Jun 14, 2007
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Thursday, June 14 , 2007
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Study Shows College Graduates Are More Religious

By Brooke Heath

A recent study indicates that college graduates in the United States are more likely to attend houses of worship or maintain religious practices and beliefs than people who never attended colleges or universities.

The study, entitled "Losing My Religion," was conducted by sociologists at the University of Texas at Austin. The researchers found that young adults who attended four years of college or received degrees considered religion to be an important aspect of their lives, whereas their non-degree-seeking counterparts were more likely to have turned away from their faith or abandoned it altogether, according to a press release from the University of Texas at Austin.

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New Legislation Introduced to Forgive Private Student Loans upon Bankruptcy

By Brooke Heath

This week, legislation was introduced by Illinois Senator Dick Durbin (D) that would allow private student loans to be forgiven upon bankruptcy. Currently, neither private nor federal student loans will be discharged for a borrower who files for bankruptcy, with the rare exception of extreme hardship.

Private student loans, also known as alternative loans, offer students an option other than federal student loans, which are backed by the federal government. Private loans are borrowed through private institutions but are not administered by the Federal Family Education Loan (FFEL) Program.

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Cuomo, lenders testify before U.S. lawmakers

New York Attorney General Andrew M. Cuomo, who rang the bell on student loans abuses and exposed universities and lenders' links, now plans to widen his probe. He hopes to examine what criteria the lenders use in underwriting these loans and find if they infringe civil rights statutes. While testifying before the Senate Committee on Banking, Housing and Urban Affairs, Cuomo said that the federal regulators were "asleep at the switch" while abuses occurred in the student lending system.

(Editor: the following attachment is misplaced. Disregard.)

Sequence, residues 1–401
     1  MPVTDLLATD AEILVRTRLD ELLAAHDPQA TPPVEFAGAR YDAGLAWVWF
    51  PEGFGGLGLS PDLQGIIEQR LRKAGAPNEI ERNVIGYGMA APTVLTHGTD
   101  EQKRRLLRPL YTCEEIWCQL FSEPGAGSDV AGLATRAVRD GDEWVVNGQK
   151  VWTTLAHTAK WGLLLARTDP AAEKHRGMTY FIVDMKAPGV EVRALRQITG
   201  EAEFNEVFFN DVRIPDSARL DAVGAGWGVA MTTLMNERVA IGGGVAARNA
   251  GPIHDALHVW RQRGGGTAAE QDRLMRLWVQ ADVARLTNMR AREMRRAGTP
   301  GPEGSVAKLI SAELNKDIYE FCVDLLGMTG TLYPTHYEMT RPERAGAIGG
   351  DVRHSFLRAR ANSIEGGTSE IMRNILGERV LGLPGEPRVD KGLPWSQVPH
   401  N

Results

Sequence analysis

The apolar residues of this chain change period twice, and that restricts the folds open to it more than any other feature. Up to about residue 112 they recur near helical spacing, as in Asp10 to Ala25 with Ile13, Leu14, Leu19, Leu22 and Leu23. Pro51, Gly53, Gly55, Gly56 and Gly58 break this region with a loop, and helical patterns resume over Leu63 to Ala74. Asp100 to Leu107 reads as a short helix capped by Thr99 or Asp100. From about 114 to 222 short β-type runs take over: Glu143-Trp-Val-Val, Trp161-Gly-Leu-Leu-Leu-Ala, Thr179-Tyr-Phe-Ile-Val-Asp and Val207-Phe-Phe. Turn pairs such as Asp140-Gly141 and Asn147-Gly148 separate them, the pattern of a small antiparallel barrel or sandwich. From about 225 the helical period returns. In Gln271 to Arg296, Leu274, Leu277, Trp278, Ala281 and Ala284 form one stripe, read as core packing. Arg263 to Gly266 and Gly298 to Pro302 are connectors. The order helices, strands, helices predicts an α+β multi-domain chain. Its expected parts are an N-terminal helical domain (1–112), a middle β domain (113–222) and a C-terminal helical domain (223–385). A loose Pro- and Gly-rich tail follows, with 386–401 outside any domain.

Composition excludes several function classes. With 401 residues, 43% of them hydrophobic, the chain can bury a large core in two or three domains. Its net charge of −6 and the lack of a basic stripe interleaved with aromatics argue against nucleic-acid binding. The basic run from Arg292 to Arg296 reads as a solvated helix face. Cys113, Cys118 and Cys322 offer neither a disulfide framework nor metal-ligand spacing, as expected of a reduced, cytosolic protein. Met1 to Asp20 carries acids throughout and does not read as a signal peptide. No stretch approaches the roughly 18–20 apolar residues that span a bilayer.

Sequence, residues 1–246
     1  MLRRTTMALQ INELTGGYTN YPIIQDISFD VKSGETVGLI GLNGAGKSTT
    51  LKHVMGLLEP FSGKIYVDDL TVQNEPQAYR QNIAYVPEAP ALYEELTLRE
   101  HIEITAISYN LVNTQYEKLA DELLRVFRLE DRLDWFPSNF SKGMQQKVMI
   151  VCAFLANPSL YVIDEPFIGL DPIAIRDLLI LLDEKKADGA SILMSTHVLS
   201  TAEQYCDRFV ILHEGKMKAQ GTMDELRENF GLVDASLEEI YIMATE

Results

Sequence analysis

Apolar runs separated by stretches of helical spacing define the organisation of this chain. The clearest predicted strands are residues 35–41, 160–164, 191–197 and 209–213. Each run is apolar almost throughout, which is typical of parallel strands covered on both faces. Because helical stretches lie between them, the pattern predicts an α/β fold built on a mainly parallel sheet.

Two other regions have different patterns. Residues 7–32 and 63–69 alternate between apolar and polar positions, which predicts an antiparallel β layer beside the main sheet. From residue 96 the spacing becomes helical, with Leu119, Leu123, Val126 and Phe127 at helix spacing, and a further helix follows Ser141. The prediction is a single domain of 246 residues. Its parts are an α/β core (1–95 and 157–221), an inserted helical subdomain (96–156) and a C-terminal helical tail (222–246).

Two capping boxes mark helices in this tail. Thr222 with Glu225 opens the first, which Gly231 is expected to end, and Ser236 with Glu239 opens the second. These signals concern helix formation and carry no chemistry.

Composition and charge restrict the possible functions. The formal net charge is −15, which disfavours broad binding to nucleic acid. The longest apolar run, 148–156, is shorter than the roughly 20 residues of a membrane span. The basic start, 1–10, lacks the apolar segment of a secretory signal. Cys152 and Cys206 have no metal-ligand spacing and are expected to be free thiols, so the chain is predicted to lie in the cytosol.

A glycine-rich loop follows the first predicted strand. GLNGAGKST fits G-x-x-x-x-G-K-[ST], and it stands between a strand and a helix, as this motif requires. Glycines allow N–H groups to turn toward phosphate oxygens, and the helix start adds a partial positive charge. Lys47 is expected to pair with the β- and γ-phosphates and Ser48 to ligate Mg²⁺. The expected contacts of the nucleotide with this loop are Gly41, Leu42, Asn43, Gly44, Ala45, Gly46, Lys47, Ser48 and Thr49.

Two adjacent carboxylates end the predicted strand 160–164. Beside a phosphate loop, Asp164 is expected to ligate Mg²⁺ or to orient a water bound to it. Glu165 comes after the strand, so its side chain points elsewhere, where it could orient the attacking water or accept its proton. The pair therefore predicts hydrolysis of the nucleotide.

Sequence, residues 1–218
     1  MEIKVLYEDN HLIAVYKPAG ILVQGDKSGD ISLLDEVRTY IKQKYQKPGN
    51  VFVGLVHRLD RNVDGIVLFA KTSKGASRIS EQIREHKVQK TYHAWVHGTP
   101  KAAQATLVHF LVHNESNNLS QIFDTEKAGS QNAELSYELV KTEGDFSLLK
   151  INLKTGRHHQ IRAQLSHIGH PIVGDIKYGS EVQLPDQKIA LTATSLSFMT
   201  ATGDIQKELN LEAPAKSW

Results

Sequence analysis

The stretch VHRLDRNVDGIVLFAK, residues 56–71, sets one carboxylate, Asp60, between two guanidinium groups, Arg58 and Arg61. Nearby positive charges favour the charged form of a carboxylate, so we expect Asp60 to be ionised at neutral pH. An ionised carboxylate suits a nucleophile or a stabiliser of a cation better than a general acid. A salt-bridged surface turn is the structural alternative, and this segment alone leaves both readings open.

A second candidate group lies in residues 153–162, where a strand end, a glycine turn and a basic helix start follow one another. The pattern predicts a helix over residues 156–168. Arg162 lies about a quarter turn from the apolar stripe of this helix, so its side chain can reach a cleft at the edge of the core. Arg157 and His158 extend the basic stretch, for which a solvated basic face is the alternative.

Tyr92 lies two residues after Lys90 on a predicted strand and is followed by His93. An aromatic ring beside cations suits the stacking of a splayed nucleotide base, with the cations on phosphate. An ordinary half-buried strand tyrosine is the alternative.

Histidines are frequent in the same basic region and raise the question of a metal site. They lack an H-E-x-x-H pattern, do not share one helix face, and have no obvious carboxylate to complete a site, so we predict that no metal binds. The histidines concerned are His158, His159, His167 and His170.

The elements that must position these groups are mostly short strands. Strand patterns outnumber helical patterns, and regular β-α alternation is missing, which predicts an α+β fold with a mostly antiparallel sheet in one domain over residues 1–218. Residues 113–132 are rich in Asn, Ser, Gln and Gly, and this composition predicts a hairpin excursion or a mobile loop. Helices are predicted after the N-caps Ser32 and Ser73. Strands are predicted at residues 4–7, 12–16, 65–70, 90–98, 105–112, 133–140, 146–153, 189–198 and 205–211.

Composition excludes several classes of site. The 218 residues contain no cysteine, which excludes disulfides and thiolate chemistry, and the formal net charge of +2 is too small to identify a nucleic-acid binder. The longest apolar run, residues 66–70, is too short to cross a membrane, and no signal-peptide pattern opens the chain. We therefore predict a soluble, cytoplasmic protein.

Wisconsin University's new student loans rules

The University of Wisconsin is reviewing a new proposal to bar the student lenders from bribing with gifts and payments in exchange for students. The proposal is up for approval this week. The university wants to reassure those students seeking loans that it has their best interests in mind, notwithstanding the industry currently mired in controversy. It would also set out how university employees and companies can evade improper relationships.

The UW System Board of Regents controls 26 different four- and two-year colleges, and its students took out a record $592.7 million in loans in 2005.

The UW plan has provided that employees can serve on advisory committees but cannot be rewarded. The school can keep a list of preferred lenders with a minimum of three companies.

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